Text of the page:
“Women friends are the most precious gift God gives us,” she told me. “Treasure them and treat them well.” Virginia sat by her side daily until my sister and I took over the death-watch of her last two weeks. 
      Recently I have spent days and hours sitting with my women friends as they faced cancer and surgeries, knowing that they will be the ones to help me when the time comes in the not so distant future. I wonder at the passing of time and see her nod knowingly.
I often feel short-changed by my mother’s untimely death, but she did show me how to die with dignity. We had an agreement before she passed. We were driving through town to an appointment with her oncologist. If she were to die—although she would NOT – but if—she would tap on the window occasionally to let me know she was still around and to reassure me there was a heaven on the other side.
      During the first few months following her funeral, she rang the doorbell. It   terrified me late at night, and my husband would go downstairs with a baseball bat as I followed close behind. There was no one there, of course, and he attributed it to a loose wire. Later, the tapping began; infrequently, out of the blue, always at the bedroom window. I would hop out of bed and race to the back patio planning to see a woodpecker sharply tapping at the wooden eave above the bedroom window or a tree limb smacking in the wind. The knocking became less frequent with each move. But not too long ago I heard the tap and didn’t even bother to get up to look. I just rolled over and said, “Hi, Mom, I’m fine,” and went back to sleep.
I have living proof that genetics are stronger than upbringing. I watch my daughter, Michelle, flit around her kitchen like a humming bird, glass of wine in one hand, stirring a pot with the other. She talks and gestures as she tells a story, and when she walks outside for a quick cigarette, I see my mother in every move. Michelle is fun and active, full of chatter and joie de vivre, enjoying life to its fullest. She tilts her head and uses expressions she never had a chance to observe, and she often surprises me by wearing mom’s large clunky pins and necklaces with pride.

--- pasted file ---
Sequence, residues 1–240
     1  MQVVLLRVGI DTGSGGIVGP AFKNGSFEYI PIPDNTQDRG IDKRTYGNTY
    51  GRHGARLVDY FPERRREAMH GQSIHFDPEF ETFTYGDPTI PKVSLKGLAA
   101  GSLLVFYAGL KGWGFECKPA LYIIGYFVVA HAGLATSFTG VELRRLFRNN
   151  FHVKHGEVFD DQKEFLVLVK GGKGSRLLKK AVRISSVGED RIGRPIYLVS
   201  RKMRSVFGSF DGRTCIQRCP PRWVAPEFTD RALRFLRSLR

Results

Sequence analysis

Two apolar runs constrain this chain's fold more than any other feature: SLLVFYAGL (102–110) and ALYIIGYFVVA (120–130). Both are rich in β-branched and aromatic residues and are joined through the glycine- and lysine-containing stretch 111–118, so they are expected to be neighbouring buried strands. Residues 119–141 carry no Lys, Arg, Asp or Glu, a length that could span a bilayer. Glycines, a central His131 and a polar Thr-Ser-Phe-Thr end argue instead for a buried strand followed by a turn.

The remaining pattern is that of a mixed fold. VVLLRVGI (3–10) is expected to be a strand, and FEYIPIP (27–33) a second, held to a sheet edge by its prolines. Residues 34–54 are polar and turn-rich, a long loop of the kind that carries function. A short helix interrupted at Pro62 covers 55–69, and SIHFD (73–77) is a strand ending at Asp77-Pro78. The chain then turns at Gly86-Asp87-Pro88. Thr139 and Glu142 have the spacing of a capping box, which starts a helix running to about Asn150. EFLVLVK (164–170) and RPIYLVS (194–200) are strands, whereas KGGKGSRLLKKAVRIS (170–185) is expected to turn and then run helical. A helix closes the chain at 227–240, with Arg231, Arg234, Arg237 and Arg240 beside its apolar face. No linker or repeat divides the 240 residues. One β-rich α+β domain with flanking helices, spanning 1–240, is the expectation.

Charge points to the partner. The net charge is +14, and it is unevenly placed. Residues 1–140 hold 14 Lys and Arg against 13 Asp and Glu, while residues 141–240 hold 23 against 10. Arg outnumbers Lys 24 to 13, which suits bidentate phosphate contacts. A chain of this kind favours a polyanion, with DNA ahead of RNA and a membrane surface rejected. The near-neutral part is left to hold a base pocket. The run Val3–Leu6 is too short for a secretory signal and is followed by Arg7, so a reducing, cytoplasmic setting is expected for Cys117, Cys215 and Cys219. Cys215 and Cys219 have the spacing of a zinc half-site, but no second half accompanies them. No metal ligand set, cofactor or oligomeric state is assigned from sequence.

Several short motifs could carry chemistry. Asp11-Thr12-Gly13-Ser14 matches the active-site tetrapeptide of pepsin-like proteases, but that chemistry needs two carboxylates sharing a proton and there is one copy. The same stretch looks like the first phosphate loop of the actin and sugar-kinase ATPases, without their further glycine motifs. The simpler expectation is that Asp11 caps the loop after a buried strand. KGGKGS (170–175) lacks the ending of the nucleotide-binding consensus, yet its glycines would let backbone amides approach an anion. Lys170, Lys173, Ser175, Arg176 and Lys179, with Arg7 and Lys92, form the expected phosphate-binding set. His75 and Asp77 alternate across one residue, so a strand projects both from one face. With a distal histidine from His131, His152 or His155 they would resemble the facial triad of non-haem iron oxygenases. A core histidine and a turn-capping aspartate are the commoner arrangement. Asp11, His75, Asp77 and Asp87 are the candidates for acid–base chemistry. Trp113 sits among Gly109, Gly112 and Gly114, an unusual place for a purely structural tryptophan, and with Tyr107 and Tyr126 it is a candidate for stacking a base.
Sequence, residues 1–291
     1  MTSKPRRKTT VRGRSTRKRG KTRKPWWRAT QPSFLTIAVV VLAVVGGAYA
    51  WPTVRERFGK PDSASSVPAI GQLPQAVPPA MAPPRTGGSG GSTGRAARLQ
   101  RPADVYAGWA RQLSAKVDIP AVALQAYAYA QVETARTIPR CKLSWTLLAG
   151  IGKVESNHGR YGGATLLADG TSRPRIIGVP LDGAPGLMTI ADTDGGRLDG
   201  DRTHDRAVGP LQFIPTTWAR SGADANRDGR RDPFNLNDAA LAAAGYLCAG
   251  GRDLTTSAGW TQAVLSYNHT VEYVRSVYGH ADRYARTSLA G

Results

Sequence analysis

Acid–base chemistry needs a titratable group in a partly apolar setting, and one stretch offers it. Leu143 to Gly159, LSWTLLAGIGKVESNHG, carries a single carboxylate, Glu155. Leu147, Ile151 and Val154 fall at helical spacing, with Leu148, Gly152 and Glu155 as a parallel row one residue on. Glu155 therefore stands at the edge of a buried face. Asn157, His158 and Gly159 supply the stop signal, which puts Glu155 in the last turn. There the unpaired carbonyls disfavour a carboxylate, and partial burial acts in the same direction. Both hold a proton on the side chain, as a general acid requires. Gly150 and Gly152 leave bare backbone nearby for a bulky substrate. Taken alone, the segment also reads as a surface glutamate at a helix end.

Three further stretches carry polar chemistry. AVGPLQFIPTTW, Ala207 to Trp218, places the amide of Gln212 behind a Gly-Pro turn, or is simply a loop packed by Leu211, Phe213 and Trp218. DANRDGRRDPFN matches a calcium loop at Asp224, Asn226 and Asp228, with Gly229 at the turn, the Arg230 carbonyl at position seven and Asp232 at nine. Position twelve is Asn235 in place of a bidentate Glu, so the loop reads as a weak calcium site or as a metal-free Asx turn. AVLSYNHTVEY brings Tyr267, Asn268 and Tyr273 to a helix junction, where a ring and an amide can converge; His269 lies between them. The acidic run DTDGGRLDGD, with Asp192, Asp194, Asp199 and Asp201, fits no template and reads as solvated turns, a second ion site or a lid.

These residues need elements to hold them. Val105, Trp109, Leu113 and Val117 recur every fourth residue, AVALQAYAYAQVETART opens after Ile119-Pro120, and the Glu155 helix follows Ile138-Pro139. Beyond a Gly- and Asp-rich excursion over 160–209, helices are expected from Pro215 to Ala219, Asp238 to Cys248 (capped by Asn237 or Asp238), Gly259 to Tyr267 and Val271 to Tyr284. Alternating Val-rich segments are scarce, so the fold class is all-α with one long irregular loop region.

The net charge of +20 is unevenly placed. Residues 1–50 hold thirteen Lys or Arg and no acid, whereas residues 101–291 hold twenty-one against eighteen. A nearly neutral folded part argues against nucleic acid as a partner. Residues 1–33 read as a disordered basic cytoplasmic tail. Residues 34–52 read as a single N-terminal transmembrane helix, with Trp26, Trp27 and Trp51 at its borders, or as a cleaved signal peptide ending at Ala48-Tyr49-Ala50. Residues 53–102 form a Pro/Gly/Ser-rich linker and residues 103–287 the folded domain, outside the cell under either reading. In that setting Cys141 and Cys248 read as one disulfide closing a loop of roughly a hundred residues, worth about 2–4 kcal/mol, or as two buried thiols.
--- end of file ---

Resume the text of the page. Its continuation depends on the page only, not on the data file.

Mom must be thrilled at her granddaughter’s closet – her shelves lined with no fewer than a hundred pair of shoes. She’d probably want to wear the four-inch Manolo Blahnik’s. I swear she did housework for years in high heels. I can hear Wanda outside on the patio, smoking with her granddaughter, praising her independence and her career. 
       Recently I stood at check-out in Macy’s. The jeans I’d chosen were marked thirty per cent off. Plus I had a coupon! I knew mom would be proud. When the sales clerk said, “That comes to $7.36”, my mouth dropped. As she showed me all the mark-downs, I swear I heard mom beside me. “Go girl, I need coffee and a cigarette after that!”
       I could have used her help earlier this week. I told my son I’d gladly sew a project for him. Two days later I wondered what I’d been thinking. I kept looking up. “I know you’re laughing at me, mother, so stop.” Mom sewed all of my clothes through fifth grade when I decided “store-bought” was better. Although later, she copied expensive prom and dance dresses we could never afford to buy. I’m sure she was thoroughly embarrassed I couldn’t sew three straight seams without glopping up the bobbin. 
Both my sister and I have now lived longer than our mother. Each of our fifty-seventh birthdays was a milestone fraught with worry and concern. Would it be our destiny as well, to leave our own children at such tender ages? Luckily we got our dad’s healthy genes, and that anniversary came and passed. We are intended to live longer.
       That is something my mother never got to teach me – how to age gracefully. How to be sixty, or seventy, or eighty. She left that to my dad who lived to ninety-three. So I have had to figure that out on my own, and I do so knowing that she will tap that window again soon to let me know she is keeping me safe. In the meantime, I’m baking chocolate cake because she was absolutely right … chocolate fixes anything!